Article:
Fifty years ago, Gene Roddenberry’s first “wagon train to the stars” began airing on NBC. Star Trek featured a cast of many nationalities, had people of color in important roles, it commented on the social problems of the day disguised in science fiction, and it was the first time we’d seen humanity out in the stars in a ship meant to not only get us to them, but to explore. It was a show about hope for the future, a future that we continue to ape from today with our cellphones, video conferencing communications, and even equipment you can carry around that will tell you the current and future weather conditions.
Was Star Trek perfect? No. Between all the series that they put out from the ’60s, to the reintroduction of the show again with Next Generation in the ’80s, and up through Star Trek Enterprise, there were some episodes that didn’t work, weren’t necessarily poignant, and some that were just not good sci-fi. I’ve seen a number of articles out there listing the great episodes. There are several guides on how to get through the shows as quickly as possible so you get the most for your streaming buck. These guides don’t necessarily go into much detail, though. They list them, but they don’t rate them or give you much info on them. Star Trek Essentials aims to be a little different. I’m going to go over two episodes twice a week, review them, and talk about what makes them special.
Season 3 continues on with this set of essentials. Survivors of a planet that’s been hyper-accelerated try to hijack the ship and crew for breeding purposes. Then Trek tries again to tackle the idea of racism in a pretty blatant way with two men who hate each other trying to take over the ship.
As a note, I’m not going with broadcast order on these, but rather production order, although for simplicity’s sake I’ve got the episode number as they appear on Netflix for those that want to watch these.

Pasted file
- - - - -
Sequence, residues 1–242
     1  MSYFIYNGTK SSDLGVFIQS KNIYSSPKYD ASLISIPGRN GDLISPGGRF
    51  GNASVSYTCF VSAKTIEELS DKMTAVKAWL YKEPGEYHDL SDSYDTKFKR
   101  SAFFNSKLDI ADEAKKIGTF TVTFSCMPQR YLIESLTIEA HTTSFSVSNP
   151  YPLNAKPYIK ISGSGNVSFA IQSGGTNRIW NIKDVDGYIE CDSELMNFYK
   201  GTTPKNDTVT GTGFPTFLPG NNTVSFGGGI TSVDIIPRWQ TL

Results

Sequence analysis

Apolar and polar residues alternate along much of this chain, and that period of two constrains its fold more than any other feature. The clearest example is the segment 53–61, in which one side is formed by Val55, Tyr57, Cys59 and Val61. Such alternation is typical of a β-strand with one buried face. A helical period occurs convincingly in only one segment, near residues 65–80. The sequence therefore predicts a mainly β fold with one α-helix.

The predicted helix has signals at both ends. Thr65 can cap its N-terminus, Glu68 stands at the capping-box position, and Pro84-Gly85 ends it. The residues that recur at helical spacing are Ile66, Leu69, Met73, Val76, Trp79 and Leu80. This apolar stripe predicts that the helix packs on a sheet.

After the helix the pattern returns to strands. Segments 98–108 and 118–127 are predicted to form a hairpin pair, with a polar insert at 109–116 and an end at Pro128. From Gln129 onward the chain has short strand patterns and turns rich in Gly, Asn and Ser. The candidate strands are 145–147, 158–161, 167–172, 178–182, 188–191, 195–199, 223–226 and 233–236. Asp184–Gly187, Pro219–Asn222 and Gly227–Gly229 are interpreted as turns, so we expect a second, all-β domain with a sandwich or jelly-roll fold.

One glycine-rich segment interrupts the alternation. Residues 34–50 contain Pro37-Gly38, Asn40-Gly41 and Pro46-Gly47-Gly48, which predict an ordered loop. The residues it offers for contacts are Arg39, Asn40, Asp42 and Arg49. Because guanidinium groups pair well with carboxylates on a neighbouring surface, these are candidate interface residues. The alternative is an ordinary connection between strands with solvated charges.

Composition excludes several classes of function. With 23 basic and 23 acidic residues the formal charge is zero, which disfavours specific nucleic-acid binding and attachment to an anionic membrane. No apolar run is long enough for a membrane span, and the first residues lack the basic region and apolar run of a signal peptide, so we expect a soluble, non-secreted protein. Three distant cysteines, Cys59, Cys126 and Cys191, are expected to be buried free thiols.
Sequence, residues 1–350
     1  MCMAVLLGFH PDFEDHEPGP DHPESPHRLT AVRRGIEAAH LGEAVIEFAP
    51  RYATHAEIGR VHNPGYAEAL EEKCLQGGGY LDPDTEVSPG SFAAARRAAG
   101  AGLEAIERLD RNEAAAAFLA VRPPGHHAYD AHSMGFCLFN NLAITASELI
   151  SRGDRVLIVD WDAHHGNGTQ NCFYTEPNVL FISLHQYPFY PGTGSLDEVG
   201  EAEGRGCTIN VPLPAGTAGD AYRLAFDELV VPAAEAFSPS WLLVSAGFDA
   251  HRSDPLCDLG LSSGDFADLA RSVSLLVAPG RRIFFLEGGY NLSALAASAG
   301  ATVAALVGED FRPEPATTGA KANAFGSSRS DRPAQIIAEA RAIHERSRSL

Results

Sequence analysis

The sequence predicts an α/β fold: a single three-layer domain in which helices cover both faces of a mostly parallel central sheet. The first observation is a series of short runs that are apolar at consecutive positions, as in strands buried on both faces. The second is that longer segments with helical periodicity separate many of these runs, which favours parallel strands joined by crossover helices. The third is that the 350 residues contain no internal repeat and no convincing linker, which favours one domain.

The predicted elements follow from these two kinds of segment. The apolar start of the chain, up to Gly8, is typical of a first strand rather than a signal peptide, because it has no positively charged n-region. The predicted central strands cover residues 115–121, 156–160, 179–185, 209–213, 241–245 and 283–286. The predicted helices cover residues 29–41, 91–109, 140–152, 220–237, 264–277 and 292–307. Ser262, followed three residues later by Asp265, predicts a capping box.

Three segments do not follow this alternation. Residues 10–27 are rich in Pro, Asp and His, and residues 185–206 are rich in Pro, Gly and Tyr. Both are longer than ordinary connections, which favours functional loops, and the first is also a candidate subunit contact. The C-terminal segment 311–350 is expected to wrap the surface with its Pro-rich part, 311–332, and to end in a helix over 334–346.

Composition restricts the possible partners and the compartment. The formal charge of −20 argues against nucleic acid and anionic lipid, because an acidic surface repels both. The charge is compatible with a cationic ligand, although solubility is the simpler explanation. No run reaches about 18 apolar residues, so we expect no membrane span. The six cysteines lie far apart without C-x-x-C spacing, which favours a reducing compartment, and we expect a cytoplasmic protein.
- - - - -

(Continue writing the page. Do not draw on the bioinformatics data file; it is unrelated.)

Wink of an Eye (Season 3, Episode 11)
Responding to a distress call on Scalos, the planet the Enterprise finds seems to be entirely deserted. When a crewman vanishes, the crew tries to figure out what’s going on. The ship starts to seem to have odd malfunctions, but when an alien device is found and the ship realizes it’s being taken over, Kirk ends up vanishing as well. Kirk finds out that the people of Scalos have been hyper-accelerated to the point where the rest of the crew can’t see them and they want them for breeding purposes as they’ve become sterile. It’s up to Kirk to alert a crew that can’t see or hear him to the danger they’re all in.
This is another mixed episode for me. I really like the premise, and some of the slowed down effects look great. The episode does move along pretty well, though, and it’s good enough to keep me interested throughout. This would also set up a few other episodes in later Trek shows where some of the crew would end up becoming invisible to the others, so in that regard it’s kind of the first of these style of episodes. Like Day of the Dove, it’s not necessarily an amazing episode, but it hits enough of the right moments to work.
Let That Be Your Last Battlefield (Season 3, Episode 15)
On a decontamination mission to the planet Ariannus, the Enterprise finds a shuttle that had been stolen from Starbase 4, with life support failing. They bring it aboard and find an unusual pilot, the left side of his face white, and black on the other. When revived we find out he’s Lokai from Cheron. When Commissioner Bele boards the ship informing them he’s been pursuing Lokai, we find out they are very long living and powerful. Bele is from the ruling order, black on the left and white on the right. Lokai’s people are slaves to the ruling class, and the two end up fighting while Bele tries to take over the Enterprise to take his prisoner to Cheron.
Making a political statement about racism in the politically charged ’60s, and hell, even now, was a big risk, but masking it as a sci-fi story seemed to smooth it over a bit. Plus, it has Frank Gorshin in it, who I knew as the Riddler in the Batman ’66 show. There’s a lot in here about personal hatred and vengeance as well. While a few scenes kind of fall flat, overall this does a lot of the things I like about the original series. We also get the destruct sequence that gets re-used again in Star Trek III.
Born the same year as Star Wars, it seems Ashe was destined to be into films with big impacts, explosions, and laser swords. With a love for sci-fi and horror, Ashe has a thing for games of both the tabletop and video variety. He is living a charmed, married life of sixteen years, along with several cats, a dog, and a bearded dragon. Ashe currently writes for Diehard Gamefan, covering video and tabletop games since 2008. Starting with Cinefessions just a few years ago, he has decided to tackle one of his original passions: film.